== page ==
When is a camera not (quite) a camera?

Over break, we ordered a number of new G5 iMacs for a lab used here at UMW by the theatre department. One feature we were excited about (and planning on using for our project with Gregg Stull’s class) was the built-in iSight camera. We were imagining that the cameras would allow students to do low-threshold videocasting for their class blogs. To keep things simple, we were planning on having students use iMovie to capture the video. (For students who wanted to push the envelope, we also have “real” DV cameras available.)

Imagine my surprise, then, when the iMacs arrived in my office yesterday, and I discovered the the installed version of iMovie does not accept a signal from the iSight camera. My research on this matter seems to suggest this has something to do with the fact that the built-in iSight camera is connected to the comptuer via USB (the stand-alone iSight–which I have and which works fine with iMovie — is connected via Firewire). iMovie HD 5 only seems to recognize Firewire cameras. I’m not sure if I entirely buy this “answer.” At least one site I found suggested that if you connect an external Firewire DV camera to the computer, disconnect it, and then try to use the built-in iSight, iMovie will miraculously start recognizing the iSight signal. I have no idea why, but it’s certainly not a solution for us (students don’t all have DV cameras — that’s why we were planning on using the iSights).

I feel like I should have discovered this before the computers arrived, but, honestly, it never occurred to me that Apple would ship a computer with a built-in video camera and video software that is not capable of receiving a signal from said camera.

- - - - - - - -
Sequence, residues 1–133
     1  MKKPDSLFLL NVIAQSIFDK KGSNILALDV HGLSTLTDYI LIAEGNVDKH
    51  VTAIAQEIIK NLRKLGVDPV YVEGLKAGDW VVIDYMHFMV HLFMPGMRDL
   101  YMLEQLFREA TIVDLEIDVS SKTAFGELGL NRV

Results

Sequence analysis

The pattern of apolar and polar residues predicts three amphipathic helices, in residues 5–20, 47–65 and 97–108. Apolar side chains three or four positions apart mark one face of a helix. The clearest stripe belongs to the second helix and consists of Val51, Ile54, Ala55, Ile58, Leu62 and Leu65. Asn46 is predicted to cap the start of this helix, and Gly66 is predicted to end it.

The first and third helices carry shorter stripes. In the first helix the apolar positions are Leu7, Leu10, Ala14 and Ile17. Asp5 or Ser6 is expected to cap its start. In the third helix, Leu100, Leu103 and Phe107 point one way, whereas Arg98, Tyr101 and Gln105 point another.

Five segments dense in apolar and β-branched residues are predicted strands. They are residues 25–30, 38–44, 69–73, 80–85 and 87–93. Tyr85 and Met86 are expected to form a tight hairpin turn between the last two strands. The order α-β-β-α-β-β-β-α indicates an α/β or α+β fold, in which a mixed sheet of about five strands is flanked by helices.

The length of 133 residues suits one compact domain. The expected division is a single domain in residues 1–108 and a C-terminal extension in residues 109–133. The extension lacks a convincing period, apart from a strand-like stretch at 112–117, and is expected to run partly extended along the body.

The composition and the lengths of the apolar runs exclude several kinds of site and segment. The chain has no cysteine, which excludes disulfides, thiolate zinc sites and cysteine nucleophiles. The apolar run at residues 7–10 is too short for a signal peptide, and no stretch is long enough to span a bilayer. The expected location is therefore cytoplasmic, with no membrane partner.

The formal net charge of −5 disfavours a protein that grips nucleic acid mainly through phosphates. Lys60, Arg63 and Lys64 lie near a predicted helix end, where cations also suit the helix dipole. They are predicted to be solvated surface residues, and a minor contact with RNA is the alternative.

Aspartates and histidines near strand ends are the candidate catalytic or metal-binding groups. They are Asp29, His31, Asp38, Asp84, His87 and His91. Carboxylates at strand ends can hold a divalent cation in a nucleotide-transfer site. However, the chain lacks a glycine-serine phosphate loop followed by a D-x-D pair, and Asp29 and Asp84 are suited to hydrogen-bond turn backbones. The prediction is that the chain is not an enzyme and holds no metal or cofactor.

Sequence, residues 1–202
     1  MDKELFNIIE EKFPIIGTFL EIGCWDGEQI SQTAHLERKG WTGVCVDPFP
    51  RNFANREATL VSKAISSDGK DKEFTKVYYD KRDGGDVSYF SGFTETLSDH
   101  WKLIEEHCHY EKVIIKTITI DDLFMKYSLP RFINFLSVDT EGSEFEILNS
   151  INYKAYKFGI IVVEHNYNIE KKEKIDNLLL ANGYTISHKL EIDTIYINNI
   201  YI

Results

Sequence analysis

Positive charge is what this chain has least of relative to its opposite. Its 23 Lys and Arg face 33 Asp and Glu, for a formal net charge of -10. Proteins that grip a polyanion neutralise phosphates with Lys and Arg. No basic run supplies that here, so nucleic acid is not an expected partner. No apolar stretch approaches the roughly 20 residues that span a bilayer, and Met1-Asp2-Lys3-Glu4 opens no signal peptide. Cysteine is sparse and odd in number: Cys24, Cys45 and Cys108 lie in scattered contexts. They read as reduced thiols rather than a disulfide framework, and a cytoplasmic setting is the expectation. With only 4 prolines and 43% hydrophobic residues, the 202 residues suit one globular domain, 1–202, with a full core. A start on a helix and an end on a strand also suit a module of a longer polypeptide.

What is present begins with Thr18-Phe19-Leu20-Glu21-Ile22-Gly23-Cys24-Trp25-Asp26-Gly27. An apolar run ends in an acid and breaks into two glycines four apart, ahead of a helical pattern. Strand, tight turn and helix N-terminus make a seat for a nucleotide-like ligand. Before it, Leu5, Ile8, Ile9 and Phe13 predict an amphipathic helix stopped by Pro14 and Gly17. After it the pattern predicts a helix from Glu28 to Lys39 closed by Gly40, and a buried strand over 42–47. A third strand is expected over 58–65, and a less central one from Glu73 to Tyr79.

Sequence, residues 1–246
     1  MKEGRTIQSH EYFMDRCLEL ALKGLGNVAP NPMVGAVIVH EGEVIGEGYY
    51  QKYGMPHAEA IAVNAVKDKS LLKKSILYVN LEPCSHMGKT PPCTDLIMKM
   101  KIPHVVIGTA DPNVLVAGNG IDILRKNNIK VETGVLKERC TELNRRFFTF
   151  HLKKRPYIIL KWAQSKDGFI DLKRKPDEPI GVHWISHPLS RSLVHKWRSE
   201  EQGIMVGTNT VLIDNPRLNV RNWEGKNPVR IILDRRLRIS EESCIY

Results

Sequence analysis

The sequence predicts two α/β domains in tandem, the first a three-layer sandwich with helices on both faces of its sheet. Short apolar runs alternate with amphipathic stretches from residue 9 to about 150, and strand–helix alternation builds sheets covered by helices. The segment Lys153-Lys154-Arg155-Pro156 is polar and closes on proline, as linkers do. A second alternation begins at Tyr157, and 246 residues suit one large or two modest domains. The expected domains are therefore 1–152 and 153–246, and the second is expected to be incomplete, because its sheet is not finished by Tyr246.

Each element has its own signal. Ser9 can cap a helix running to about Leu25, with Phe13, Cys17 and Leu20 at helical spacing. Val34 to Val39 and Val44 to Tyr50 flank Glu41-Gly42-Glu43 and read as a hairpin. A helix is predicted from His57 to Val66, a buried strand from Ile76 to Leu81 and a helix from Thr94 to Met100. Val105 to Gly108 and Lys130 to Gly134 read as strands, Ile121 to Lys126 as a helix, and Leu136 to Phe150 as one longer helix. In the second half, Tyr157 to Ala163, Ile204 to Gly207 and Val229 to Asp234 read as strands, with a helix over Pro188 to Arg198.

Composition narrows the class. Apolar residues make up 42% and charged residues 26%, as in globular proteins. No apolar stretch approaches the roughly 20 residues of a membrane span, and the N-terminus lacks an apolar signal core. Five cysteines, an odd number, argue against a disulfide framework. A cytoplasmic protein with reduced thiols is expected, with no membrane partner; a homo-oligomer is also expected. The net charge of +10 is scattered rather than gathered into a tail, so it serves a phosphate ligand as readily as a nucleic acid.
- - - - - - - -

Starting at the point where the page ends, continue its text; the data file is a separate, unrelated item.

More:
Oh, and last week Apple released the new version of iMovie (version 6) which DOES recognize the built-in iSight, but we don’t qualify for an upgrade to this version because we ordered these computers in December.

There are potential work-arounds. We could order iLife (with the latest version of iMovie) or copies of Quicktime Pro. Alternatively, I discovered that Quicktime Broadcaster (which is a free download) will allow you to capture from the iSight. But Broadcaster isn’t a terribly intuitive piece of software, and the intuitiveness of iMovie was exactly one of the reasons we wanted to use it for this project.

I like Apple, but I think they royally screwed up on this one.

1/20 Update: I just got off the phone with Apple support. The rep I talked to said that “in their defense, Apple had never claimed that iMovie worked with anything but Firewire cameras.” To which I replied, “Yeah, but Apple also never made it clear that the built in iSight wasn’t a Firewire camera . Why would I have assumed it wasn’t?” Basically, he could offer me neither an answer or a solution. Next stop: Sales.

6 thoughts on “When is a camera not (quite) a camera?”

  1. that is truly an absurd peice of hardware engineering – how can it get off the assembly line with such an apparent lack integration? I guess Gardner is gonna have to get those Quicktime upgrades after all …

  2. Do we have to accept that first answer that they will not give us the upgrades because of a purchase date? Are we not a good customer to keep happy? I find it hard to believe that our Apple rep could not come up with 6 copies of iMovie 6 so we can use these computers and cameras as they were designed.

    Apple should make this right.

  3. Jerry’s idea is what I requested we do this morning. Our business manager is on the case. She’s a consumer warrior and I bet Apple not only makes this right but sends us all nifty ballpoint pens, or something.

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